TapImmune and Marker Moving Ahead on Merger with Goal of Creating New Immuno-Oncology Platform

TapImmune and Marker Moving Ahead on Merger with Goal of Creating New Immuno-Oncology Platform
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TapImmune announced it has entered into a definitive merger agreement with Marker Therapeutics, bringing that company’s multi-antigen T-cell therapy platform to its peptide vaccine portfolio.

Markers’ platform has shown promis in early clinical trials in lymphoma, acute myeloid leukemia (AML), and multiple myeloma.

The merger is one of equals, with stockholders of both companies retaining about 50 percent of the resulting combined company.  The deal still has to meet certain conditions and approvals, including the agreement of TapImmune stockholders, according to a press release.

“I believe that the new therapies we are acquiring with Marker in this transaction represent the next major leap forward in cell therapy for cancer,” Peter Hoang, president and chief executive officer of TapImmune, said in the release. “With this merger, I believe we have the opportunity to significantly disrupt the CAR-T and TCR field.”

CAR-T therapy involves the genetic engineering of a patient’s own T-cells to produce a receptor — called a chimeric antigen receptor – that targets a protein on the surface of cancer cells. TCR therapies use modified T-cell receptors with a high affinity for a certain cancer protein.

Compared to current gene-modified T-cell therapies, the T-cell therapies acquired in this transaction have several benefits, TapImmune reports, including:

  • The therapies seem to be highly effective and durable without requiring depletion of the immune system before infusion.
  • In a Phase 1 study in lymphoma, researchers observed complete responses in 50 to 60 percent of patients, comparable to the best results achieved in lymphoma CAR-T studies. More than 50 percent of those with complete responses also remained relapse free beyond one year.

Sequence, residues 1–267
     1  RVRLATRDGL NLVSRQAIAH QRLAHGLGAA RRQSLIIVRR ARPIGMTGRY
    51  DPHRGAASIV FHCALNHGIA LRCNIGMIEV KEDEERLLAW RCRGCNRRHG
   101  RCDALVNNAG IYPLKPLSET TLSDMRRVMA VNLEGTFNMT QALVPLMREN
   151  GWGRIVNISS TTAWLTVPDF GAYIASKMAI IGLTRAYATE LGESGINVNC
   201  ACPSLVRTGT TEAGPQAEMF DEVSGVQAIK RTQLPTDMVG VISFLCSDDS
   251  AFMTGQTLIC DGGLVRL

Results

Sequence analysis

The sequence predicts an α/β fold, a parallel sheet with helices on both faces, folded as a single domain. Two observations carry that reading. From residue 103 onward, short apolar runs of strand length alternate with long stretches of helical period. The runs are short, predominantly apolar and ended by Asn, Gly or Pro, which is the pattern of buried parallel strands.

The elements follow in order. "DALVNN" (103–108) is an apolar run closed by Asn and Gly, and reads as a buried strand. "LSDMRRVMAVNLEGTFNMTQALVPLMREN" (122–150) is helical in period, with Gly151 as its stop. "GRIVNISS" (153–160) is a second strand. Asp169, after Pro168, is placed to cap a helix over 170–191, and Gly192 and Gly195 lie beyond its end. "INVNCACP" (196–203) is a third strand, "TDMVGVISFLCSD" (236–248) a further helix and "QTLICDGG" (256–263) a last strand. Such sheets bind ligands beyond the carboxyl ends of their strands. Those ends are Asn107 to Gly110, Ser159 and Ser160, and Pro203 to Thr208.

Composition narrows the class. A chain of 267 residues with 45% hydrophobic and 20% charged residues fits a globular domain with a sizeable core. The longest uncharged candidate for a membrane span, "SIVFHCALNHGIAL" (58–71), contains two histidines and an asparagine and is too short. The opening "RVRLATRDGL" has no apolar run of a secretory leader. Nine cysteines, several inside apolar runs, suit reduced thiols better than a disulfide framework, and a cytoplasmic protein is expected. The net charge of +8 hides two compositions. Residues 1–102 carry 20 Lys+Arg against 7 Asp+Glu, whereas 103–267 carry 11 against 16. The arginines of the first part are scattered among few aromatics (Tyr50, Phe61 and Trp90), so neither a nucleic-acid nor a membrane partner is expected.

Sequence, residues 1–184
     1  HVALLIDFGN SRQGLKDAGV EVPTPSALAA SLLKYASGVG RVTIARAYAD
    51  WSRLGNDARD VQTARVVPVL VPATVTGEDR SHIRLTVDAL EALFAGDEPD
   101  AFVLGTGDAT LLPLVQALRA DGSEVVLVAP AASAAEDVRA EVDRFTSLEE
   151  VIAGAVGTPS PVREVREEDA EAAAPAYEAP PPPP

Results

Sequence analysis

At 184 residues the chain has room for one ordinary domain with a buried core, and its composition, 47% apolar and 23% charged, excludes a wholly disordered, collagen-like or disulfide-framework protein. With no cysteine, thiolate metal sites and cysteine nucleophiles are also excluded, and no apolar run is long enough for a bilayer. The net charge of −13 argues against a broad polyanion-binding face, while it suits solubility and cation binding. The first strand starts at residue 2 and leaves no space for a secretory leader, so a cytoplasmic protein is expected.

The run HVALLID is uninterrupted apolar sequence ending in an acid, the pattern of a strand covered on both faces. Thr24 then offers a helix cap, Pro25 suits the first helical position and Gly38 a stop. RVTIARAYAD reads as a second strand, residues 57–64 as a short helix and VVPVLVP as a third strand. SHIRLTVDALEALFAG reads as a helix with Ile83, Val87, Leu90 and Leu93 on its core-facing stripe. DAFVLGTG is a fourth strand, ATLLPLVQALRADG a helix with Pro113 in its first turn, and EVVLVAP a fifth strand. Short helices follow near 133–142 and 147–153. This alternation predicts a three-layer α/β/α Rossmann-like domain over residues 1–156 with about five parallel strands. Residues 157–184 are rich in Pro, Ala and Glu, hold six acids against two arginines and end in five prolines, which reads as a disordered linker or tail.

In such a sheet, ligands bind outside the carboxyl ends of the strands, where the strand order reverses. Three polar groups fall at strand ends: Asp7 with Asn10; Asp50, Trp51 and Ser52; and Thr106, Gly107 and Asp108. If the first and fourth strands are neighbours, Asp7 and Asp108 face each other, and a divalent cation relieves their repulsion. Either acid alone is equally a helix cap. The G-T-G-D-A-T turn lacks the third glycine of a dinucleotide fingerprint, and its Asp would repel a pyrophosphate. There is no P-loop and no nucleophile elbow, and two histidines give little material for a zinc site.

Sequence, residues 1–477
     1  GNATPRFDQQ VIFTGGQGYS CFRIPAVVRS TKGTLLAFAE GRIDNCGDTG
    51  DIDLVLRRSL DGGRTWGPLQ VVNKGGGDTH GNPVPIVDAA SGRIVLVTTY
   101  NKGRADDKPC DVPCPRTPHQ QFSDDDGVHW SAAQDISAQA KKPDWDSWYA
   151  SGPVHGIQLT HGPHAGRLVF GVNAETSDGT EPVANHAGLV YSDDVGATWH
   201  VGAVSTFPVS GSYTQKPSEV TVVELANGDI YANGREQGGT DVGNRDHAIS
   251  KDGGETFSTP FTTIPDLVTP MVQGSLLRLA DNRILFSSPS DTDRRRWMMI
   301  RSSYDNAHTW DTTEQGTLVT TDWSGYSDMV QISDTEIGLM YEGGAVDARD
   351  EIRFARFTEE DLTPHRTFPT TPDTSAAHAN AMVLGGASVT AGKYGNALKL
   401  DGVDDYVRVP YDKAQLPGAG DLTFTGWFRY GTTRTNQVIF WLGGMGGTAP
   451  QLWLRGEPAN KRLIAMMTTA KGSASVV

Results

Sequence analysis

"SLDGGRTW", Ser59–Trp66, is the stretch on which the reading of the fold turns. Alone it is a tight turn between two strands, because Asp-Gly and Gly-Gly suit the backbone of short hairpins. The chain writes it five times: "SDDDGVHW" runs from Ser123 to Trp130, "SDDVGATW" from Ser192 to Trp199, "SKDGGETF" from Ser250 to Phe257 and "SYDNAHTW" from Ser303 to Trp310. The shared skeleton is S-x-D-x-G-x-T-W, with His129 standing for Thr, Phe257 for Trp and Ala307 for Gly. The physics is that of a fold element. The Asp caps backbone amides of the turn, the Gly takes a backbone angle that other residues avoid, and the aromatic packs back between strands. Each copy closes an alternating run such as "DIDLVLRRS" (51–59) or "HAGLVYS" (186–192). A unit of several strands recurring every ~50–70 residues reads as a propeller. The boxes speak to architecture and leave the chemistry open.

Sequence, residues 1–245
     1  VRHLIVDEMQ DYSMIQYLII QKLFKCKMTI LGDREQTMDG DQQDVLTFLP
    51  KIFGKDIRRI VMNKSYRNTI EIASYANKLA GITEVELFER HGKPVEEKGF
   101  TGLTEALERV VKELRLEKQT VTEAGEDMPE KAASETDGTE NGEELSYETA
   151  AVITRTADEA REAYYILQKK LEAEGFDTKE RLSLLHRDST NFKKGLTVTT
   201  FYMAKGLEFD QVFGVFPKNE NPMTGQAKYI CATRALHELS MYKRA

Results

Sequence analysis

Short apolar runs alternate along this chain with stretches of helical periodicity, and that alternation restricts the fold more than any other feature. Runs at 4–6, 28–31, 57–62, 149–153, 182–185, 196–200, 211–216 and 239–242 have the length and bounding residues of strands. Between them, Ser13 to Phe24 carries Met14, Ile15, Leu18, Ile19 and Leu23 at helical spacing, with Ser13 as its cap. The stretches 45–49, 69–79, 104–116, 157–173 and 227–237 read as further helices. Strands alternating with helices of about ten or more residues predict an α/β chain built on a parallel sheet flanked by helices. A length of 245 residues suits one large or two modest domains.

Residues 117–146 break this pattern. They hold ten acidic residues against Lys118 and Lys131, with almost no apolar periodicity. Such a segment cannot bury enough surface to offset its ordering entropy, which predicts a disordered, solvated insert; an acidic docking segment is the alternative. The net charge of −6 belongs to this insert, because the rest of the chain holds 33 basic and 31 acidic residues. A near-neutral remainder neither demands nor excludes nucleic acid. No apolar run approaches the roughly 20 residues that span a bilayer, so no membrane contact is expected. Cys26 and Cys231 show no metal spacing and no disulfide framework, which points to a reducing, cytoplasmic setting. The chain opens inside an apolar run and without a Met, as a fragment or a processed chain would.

• The therapies do not require genetic modification of T-cells, allowing their production to be less costly and less complex.

“We believe this technology will be a game-changer for the cell therapy industry, potentially overcoming the well-known limitations of today’s CAR-T and TCR approaches,” Hoang added. “Combined with the four ongoing Phase 2 clinical trials in the TapImmune platform, I believe we are creating a best-in-class cancer immunotherapy platform.”

The merger is expected to be completed later this year.

Inês holds a PhD in Biomedical Sciences from the University of Lisbon, Portugal, where she specialized in blood vessel biology, blood stem cells, and cancer. Before that, she studied Cell and Molecular Biology at Universidade Nova de Lisboa and worked as a research fellow at Faculdade de Ciências e Tecnologias and Instituto Gulbenkian de Ciência. Inês currently works as a Managing Science Editor, striving to deliver the latest scientific advances to patient communities in a clear and accurate manner.
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Inês holds a PhD in Biomedical Sciences from the University of Lisbon, Portugal, where she specialized in blood vessel biology, blood stem cells, and cancer. Before that, she studied Cell and Molecular Biology at Universidade Nova de Lisboa and worked as a research fellow at Faculdade de Ciências e Tecnologias and Instituto Gulbenkian de Ciência. Inês currently works as a Managing Science Editor, striving to deliver the latest scientific advances to patient communities in a clear and accurate manner.
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